1. Emotional tie. When I watched people coming out of Oculus Rift demos at CES they said things like “holy shit” or “wow” as they exited. Why? Oculus is highly immersive. It gave me vertigo. In fact, one of the fears of these things is that they will give you motion sickness. But a product that can make you feel like you’re about to die because of a fall, or make you ill from motion, has an upside: you’ll tell all your friends to come over and check it out.
2. Price. ODG’s glasses are $2,700. Hololens? Don’t yet know. But even Oculus is going to be hard for consumers to swallow (a complete system is $1,500). Serious video gamers, though, are used to paying a lot for their hobby, and, since Oculus and Valve’s VR systems are going to be aimed at those people, they probably will do quite well.
3. Content. Let’s be honest, it’s a lot easier to create content for a VR system than overlay a virtual image on top of the real world and have it be compelling. I know lots of people are working at companies like Meta, ODG, Microsoft Hololens, and Magic Leap to bring a compelling use case to AR, but they just aren’t ready yet.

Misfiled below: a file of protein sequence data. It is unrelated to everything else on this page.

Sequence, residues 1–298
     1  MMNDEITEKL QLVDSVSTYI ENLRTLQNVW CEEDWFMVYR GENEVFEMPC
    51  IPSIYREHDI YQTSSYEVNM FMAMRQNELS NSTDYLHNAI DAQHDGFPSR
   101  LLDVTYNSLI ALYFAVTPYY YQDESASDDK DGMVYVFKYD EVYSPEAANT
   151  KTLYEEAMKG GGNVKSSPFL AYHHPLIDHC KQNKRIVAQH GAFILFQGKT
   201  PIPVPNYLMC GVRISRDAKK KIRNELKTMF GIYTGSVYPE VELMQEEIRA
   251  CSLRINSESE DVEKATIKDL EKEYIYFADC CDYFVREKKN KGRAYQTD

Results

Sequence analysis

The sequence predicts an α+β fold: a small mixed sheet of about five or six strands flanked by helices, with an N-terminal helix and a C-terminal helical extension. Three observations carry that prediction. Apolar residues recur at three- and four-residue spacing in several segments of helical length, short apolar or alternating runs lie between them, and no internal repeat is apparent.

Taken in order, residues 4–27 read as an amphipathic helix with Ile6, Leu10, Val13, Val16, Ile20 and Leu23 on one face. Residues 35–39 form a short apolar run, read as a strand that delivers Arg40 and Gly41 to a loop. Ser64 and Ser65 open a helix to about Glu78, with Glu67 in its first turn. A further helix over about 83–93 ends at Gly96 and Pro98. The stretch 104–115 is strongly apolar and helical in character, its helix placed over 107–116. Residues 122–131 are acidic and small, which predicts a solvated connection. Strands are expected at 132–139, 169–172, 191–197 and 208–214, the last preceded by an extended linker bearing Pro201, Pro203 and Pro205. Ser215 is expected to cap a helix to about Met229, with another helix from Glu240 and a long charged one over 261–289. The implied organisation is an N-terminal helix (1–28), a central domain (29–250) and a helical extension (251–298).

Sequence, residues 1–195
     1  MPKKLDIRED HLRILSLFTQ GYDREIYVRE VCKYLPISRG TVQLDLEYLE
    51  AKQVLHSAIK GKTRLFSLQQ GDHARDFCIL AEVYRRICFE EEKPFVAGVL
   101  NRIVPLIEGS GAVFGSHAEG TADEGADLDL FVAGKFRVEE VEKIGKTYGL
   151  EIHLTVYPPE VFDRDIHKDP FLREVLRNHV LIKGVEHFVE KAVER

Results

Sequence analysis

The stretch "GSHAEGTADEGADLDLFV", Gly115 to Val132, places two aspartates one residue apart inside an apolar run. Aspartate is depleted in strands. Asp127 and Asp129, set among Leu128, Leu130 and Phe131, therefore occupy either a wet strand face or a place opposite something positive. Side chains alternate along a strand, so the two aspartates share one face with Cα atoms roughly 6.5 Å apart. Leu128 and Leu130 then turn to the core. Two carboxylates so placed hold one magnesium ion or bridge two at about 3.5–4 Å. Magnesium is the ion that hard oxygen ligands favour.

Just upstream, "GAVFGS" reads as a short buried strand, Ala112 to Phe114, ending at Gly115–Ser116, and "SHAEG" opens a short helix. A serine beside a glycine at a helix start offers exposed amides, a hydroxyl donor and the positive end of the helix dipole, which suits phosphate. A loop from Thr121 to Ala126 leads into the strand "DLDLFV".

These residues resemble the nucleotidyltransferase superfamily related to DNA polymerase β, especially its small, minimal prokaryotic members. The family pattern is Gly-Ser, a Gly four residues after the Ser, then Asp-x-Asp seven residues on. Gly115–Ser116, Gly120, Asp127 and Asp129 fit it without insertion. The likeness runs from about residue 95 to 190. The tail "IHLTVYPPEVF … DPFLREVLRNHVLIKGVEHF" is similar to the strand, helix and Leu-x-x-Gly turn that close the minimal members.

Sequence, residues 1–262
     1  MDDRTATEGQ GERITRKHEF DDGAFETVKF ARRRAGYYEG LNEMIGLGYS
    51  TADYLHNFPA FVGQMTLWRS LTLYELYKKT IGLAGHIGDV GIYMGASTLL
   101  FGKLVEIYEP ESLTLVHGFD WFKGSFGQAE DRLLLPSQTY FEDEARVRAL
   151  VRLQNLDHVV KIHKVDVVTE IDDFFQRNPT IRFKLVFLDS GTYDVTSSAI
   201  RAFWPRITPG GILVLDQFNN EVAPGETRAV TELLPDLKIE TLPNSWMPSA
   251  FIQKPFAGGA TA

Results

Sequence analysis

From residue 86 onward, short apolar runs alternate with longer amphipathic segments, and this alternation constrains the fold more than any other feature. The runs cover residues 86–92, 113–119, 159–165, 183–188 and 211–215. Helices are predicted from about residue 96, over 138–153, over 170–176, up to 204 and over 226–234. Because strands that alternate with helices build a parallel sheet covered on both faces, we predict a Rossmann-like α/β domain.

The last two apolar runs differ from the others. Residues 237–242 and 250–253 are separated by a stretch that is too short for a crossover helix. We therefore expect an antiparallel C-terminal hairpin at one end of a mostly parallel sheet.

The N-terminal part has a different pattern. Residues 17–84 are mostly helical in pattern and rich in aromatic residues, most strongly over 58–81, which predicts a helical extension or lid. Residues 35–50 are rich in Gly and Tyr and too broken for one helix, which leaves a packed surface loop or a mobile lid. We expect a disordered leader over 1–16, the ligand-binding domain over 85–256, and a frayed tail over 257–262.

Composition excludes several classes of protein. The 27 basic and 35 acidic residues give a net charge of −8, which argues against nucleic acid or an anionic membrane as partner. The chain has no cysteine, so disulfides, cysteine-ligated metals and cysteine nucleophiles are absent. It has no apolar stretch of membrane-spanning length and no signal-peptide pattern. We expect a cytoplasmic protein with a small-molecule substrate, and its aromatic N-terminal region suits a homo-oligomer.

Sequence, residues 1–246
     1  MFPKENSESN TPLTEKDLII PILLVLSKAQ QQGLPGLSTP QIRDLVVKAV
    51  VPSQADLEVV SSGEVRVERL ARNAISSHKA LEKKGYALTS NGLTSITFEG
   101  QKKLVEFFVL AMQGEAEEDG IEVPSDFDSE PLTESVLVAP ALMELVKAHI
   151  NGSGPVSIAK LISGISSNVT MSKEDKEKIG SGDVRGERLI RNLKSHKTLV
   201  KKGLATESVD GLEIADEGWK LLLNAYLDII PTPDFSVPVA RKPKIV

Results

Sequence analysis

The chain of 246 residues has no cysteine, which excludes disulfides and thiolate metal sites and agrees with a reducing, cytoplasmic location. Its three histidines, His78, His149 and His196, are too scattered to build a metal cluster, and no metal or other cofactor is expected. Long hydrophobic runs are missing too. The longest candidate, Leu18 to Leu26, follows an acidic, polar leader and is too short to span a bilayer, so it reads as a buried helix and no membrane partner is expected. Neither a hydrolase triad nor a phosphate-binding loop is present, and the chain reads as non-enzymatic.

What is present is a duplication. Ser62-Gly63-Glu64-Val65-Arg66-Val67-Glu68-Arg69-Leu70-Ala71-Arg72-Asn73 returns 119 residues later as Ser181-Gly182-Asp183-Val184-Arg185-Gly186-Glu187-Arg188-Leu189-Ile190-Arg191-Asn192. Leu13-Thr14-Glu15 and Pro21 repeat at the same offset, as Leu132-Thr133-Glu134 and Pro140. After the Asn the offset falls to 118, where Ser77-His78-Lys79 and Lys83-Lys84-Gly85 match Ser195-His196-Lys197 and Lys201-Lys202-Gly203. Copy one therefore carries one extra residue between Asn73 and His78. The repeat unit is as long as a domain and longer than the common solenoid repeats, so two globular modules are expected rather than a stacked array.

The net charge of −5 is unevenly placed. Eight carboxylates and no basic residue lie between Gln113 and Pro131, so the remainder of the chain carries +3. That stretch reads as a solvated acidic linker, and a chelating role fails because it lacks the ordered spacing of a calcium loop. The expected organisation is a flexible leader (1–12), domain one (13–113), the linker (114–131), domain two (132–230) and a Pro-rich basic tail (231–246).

4. Technology expectations. Users will put up with a LOT of latency on head tracking units where they won’t put up with the same latency on AR systems. How do I know that? Meta’s CTO told me that. Getting latency down (the lag you’ll feel when you move your head around) will be a much harder technological challenge, which means the price will remain fairly high until Moore’s law flips a couple more times).
Now, that said, if you extend the timeline beyond 2016, then I agree that AR starts to be very attractive and, I assume, all the VR systems will merge into some form of AR system anyway.
Businesses will want to get into AR systems sooner, I believe. ODG is already being used by surgeons and mechanics, amongst other enterprise users, to do various tasks. Those use cases don’t mind the $2,700 price point and other limitations.